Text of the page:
The Art of Career Building: Chapter 2 - Changing Jobs

This second chapter of The Art of Career Building provides knowledge related to the economic consequences of picking the right job while pursuing long-term goals.

Career building is hard work. You have to make many decisions that can have long-term repercussions. Looking for a job and building your career once you have that job can take you away from your family and wreak havoc on your personal life. You may begin to judge your success based solely on what you’re being paid and make poor career decisions that hurt you in the long-term.

If you take a job that pays very well or you’re offered a large salary, it can actually hurt your career. Once you have risen as high as you can go or learned all you can learn from a particular job, it’s time to move on. However, if you’re paid too well, or overpaid, it can be very hard to give up even the worst of jobs. There are some companies that overpay key people and once they get into debt they become slaves of the organization. They suddenly realize they can’t get paid as well anywhere else and have become accustomed to lifestyle they can’t reverse. Now, they’re stuck in the wrong job and it leads to failure. As hard as it is to do, you must never accept more pay than you can easily replace by moving to another position. You may think you’ll take the extra money and put it away, but few actually do.

Another problem situation is when you have a superior that is stuck in their position with little chance of being promoted. If they don’t move up it creates fewer opportunities for you to move up. Over time, you’ll resent this situation and you’ll try to take their job. All this will do is drain your energy. If you don’t try to take their job, you’ll be stuck in your current position too long and your career will suffer. To build your career you cannot allow yourself to stagnate and lose momentum.

It’s also possible to accept a position or job that’s wrong for you. You take the job for the big paycheck and then realize you don’t like the job. Eventually, your performance drops, the money is spent, you’re in debt, and your enthusiasm for the work fades. This situation opens you to internal rivals that try to take your job away from you. Even if you restore your performance, your superiors have already lost interest in you as potential future leader and your career will suffer.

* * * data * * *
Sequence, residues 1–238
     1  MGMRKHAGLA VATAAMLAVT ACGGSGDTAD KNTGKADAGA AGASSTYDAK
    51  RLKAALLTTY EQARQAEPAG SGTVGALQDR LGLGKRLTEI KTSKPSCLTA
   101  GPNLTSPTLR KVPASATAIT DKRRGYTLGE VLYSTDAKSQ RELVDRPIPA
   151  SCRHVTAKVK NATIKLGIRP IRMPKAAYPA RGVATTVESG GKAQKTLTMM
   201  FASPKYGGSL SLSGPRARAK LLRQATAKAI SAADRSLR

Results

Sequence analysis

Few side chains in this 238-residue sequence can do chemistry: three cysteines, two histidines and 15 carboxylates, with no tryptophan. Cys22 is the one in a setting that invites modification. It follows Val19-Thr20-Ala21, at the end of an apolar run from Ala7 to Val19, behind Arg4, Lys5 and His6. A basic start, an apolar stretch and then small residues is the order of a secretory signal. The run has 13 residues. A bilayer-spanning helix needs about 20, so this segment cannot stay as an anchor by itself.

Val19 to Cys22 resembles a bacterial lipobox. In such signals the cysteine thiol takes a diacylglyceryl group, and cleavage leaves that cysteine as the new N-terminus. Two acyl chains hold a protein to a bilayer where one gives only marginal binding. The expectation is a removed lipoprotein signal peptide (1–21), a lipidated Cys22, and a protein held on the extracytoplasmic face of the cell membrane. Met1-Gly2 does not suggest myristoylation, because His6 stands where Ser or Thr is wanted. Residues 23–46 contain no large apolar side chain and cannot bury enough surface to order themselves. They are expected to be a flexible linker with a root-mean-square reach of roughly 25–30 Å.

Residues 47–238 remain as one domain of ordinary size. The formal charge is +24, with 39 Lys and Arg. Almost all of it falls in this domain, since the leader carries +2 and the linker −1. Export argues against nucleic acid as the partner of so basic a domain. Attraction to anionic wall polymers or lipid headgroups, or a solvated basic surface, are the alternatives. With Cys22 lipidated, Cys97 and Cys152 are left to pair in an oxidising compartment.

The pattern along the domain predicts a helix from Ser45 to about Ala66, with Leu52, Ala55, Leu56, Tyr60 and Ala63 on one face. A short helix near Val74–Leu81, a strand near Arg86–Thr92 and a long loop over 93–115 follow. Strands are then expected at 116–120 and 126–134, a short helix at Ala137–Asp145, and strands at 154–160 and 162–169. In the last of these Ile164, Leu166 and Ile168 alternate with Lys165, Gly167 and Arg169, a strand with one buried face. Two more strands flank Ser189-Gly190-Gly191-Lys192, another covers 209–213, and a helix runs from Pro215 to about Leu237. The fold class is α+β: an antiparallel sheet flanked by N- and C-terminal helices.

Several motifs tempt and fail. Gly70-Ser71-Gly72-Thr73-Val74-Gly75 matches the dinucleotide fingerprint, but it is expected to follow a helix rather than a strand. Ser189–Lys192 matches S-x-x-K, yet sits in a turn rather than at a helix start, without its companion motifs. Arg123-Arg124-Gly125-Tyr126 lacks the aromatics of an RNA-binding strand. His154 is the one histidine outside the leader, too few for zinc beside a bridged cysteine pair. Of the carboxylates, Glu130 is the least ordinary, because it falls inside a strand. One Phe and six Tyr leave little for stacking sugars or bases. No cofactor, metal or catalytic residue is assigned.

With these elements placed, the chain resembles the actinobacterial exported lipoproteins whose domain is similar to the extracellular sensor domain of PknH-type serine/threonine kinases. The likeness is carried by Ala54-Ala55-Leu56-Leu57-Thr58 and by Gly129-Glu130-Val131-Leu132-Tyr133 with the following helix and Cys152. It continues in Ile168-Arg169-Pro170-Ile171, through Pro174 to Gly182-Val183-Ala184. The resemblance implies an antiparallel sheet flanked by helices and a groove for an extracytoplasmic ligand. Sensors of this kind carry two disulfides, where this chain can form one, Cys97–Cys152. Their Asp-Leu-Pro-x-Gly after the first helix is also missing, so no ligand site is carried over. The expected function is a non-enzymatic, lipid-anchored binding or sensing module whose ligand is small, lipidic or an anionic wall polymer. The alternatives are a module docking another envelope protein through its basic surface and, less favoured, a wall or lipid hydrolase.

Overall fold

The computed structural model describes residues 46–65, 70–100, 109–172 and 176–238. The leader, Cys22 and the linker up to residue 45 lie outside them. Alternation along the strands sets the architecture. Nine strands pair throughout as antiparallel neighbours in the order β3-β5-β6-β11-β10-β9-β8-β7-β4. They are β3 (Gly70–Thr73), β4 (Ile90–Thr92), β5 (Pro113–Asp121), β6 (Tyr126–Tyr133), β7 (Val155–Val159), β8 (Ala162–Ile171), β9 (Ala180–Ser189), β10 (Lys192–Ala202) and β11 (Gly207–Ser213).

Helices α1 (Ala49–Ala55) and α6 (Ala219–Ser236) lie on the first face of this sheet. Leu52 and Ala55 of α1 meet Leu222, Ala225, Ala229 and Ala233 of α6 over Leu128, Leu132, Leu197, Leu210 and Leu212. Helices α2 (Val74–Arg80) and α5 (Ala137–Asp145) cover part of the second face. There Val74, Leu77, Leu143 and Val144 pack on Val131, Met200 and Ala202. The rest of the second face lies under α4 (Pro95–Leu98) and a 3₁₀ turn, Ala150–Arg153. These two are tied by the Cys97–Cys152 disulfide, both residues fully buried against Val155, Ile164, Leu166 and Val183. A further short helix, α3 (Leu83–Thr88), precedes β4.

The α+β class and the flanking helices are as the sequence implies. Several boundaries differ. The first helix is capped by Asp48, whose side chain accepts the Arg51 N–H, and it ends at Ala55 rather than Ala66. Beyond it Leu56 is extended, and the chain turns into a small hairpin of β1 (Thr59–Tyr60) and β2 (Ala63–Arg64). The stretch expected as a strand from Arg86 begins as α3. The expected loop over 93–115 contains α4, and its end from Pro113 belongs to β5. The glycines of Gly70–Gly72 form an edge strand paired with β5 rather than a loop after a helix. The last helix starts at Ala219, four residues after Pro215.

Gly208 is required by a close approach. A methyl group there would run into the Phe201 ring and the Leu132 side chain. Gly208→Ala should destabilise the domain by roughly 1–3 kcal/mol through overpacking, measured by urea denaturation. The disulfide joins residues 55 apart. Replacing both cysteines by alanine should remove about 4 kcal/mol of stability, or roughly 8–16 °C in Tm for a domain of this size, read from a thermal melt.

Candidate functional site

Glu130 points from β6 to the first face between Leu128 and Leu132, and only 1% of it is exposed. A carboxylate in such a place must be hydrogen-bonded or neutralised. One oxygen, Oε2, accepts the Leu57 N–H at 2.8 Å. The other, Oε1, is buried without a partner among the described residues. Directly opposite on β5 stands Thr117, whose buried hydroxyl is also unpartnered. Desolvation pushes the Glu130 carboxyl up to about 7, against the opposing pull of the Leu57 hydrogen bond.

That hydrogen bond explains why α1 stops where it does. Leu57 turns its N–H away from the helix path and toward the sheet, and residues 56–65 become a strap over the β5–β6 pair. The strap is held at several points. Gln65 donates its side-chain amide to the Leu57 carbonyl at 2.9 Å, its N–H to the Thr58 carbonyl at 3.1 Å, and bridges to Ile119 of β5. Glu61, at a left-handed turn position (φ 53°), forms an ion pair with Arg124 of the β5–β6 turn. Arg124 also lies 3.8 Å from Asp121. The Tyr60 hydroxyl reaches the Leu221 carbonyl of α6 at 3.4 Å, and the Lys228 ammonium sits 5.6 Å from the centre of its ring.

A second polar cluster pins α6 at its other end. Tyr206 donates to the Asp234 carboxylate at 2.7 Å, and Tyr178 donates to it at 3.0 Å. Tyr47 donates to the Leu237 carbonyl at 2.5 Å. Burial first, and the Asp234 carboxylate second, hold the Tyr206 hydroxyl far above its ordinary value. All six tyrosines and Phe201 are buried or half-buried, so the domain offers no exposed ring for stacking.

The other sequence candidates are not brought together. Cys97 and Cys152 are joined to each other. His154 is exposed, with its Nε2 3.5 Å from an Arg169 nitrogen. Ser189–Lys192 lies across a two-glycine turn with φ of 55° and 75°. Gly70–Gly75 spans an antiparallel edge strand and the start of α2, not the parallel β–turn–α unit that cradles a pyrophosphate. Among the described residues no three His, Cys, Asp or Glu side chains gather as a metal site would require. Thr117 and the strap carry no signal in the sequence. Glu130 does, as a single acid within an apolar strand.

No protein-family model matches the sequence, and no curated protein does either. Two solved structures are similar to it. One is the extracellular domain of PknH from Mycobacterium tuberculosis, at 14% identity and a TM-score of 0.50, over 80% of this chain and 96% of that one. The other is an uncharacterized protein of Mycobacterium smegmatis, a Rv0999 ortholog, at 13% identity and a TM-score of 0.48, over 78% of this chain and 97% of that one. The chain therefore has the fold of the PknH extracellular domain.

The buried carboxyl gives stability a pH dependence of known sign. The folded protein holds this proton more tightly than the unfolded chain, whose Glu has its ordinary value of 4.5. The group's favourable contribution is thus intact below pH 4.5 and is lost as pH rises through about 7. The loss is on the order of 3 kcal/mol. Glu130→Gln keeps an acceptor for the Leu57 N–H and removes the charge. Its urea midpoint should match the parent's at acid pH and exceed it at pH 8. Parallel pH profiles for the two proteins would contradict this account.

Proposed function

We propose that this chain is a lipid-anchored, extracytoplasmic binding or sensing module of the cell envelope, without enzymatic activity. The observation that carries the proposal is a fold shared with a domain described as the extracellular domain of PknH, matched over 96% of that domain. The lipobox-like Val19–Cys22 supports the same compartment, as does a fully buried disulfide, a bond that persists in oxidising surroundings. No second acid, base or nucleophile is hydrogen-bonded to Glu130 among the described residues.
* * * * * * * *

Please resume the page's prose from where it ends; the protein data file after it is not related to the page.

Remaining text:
You may receive advice not to move between jobs too quickly. However, slow career progress always leads to failure.

When you accept a new position, you can’t insure against failure. On the other hand, you can’t know what opportunities may open up either. What matters most is making the best use of your existing position.

Here’s some advice; don’t keep asking for raises and don’t accumulate large debts. Be as valuable to your current employer as possible and make sure you are rewarded for that value.

If you’re considering a new job in another city, keep in mind that relocating is expensive. Take the time to ensure the new position supports your long-term career goals before making such an expensive move.

While moving is expensive, staying in a crowded job market can also be expensive. If the job market is crowded, you’ll have to spend more time looking for work, interviewing, and dealing with agencies. It will take longer to find the right job and end up costing you more than moving. Either way, you end up with nothing.

When the economy is struggling, the competition for fewer jobs puts pressure on everyone to take positions they don’t want for less pay and fewer benefits than they deserve. Job seekers stop worrying about their career and focus on being able to pay their bills. If they can’t find the right position, they risk losing all the assets they have built up over the years.

Considering all the effects of competition on the job market your best approach is to make your employer as successful as possible. Here is how to approach negotiating for a new job. Negotiate to be paid from shared profits rather than a hefty salary. Ask for bonuses to be paid on your performance rather than a large salary guarantee. This arrangement will force you to be more productive and make you indispensable to your employer. It forces you to generate more value for the business than your paycheck consumes.

Here’s how you become more valuable to your employer. Fight for business and focus all your efforts on making the company successful. Once you’ve generated that success, insist on being rewarded for your efforts and recognized for the business you’ve won. If you make them successful, they can afford to reward you more and your job will be secure because they need you.